The Animal Welfare Act regulations (9CFR, chapter 1, subchapter A) require that survival surgeries be performed using aseptic techniques, and in non-rodent mammalian species the procedure must be done in a dedicated surgical facility. The animal facility currently houses a dedicated surgical facility for USDA-covered species.
Investigators performing survival surgery in rodents and other non-USDA covered species outside the animal facility must identify where this will take place. Individuals performing these procedures must be appropriately trained to perform them.
Survival surgery can either be major or minor.
- Major survival surgery penetrates and exposes a body cavity or produces substantial impairment of physical or physiologic functions. All major surgical procedures require aseptic technique. Federal regulations permit only one major survival surgery, except when scientifically justified and approved by the IACUC (see below).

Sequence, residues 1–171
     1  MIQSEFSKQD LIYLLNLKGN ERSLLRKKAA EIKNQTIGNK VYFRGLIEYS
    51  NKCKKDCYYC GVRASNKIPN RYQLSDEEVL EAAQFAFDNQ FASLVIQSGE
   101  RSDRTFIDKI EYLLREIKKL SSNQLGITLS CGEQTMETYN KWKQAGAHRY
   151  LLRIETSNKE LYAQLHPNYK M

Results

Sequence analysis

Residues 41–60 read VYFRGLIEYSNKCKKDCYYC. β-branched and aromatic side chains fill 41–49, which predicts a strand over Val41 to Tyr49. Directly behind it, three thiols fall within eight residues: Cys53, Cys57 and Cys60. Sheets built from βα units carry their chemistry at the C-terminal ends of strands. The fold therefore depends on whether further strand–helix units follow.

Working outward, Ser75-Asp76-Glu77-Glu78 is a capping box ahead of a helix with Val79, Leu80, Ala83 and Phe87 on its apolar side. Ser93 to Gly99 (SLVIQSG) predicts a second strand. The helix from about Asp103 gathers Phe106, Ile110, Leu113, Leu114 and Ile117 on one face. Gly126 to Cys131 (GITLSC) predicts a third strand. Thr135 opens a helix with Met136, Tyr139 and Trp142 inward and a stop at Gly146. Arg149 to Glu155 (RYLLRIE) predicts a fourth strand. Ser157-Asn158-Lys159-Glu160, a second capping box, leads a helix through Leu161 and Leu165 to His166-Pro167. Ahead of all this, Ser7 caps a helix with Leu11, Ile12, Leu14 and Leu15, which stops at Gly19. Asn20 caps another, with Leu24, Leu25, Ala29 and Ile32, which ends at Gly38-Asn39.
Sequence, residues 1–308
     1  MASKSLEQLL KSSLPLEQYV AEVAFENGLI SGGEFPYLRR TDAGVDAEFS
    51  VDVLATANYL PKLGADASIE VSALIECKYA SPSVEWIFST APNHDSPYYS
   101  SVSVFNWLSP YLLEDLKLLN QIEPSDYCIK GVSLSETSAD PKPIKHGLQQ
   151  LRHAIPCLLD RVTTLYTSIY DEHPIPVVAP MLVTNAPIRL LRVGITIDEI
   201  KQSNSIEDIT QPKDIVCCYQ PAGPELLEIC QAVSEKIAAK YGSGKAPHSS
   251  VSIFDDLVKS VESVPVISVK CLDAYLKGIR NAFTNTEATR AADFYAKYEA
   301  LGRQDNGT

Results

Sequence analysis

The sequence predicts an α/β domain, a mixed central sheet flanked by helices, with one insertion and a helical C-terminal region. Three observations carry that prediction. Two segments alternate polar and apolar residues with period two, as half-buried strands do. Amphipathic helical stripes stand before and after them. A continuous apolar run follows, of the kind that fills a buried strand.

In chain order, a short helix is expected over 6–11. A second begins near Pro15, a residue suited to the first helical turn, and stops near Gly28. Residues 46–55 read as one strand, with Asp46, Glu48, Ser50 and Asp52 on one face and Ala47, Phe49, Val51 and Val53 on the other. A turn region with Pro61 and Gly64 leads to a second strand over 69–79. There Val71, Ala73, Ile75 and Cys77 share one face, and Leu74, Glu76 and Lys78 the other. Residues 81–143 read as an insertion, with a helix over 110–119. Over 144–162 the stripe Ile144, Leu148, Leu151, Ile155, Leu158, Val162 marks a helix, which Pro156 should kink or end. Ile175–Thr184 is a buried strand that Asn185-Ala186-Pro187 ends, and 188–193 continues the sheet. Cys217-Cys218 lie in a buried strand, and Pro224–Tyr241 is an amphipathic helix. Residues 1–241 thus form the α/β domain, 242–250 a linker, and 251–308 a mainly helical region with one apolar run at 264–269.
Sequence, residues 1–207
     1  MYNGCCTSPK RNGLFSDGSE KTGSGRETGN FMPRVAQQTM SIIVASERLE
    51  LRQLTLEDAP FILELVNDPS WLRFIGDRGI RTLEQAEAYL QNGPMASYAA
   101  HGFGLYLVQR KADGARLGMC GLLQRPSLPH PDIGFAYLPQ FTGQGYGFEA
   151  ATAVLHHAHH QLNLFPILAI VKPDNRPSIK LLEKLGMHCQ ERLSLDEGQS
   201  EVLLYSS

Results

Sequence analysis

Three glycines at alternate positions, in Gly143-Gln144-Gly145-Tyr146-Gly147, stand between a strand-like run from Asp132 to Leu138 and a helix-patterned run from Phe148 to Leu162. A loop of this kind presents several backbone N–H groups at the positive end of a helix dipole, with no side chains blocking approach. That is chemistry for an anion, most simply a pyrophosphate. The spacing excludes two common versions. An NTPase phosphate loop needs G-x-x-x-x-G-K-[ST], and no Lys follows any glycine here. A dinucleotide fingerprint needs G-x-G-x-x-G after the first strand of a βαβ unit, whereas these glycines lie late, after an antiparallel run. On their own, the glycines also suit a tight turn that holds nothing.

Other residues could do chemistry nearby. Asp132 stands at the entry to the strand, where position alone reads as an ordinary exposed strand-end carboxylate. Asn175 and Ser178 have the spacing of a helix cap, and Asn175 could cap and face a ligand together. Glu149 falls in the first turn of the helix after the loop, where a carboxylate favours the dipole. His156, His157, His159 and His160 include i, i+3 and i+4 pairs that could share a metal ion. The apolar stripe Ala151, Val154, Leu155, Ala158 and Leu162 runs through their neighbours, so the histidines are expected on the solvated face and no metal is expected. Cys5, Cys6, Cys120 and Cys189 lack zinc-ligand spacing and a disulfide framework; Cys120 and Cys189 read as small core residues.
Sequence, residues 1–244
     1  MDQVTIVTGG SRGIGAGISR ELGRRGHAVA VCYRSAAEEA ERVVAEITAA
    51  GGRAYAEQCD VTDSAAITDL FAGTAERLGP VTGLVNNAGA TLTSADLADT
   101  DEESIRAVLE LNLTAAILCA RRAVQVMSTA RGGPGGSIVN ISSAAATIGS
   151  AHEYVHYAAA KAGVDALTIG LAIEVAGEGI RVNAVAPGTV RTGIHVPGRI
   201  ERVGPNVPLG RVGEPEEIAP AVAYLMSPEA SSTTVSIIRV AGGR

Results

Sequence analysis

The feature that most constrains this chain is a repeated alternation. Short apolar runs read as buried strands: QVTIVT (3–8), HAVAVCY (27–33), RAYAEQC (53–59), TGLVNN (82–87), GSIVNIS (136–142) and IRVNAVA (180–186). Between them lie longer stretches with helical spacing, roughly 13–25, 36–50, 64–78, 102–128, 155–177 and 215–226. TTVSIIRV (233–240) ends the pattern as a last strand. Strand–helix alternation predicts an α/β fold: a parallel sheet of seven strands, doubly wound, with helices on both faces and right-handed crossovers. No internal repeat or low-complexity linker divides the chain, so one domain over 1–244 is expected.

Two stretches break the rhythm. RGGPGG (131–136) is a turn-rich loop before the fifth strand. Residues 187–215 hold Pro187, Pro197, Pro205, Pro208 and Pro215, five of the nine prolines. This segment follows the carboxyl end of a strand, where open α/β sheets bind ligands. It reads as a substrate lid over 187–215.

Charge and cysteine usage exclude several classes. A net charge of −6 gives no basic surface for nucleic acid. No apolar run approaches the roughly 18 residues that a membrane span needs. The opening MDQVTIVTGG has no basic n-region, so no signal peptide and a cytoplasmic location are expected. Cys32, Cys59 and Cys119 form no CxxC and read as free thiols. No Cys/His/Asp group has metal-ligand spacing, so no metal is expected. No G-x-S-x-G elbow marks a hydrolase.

- Minor survival surgery does not expose a body cavity and causes little or no physical impairment. Although minor procedures may be performed under less stringent conditions than major surgeries and do not require a dedicated surgery facility, aseptic technique is required nevertheless.
Multiple Surgical Procedures
As noted above, Federal regulations permit only one major survival surgery, except when scientifically justified and approved by the IACUC. The following represent acceptable rationale for multiple surgical procedures:
- The nature of the protocol requires it to achieve the desired physical or physiological effect.
- There is no other alternative available.
- The surgical procedure is needed to create the animal model.
Written scientific justification must be provided to IACUC for approval. In any case, sufficient time between surgeries must be provided to allow for proper recovery. Cost alone is not an acceptable reason for performing multiple major survival surgical procedures.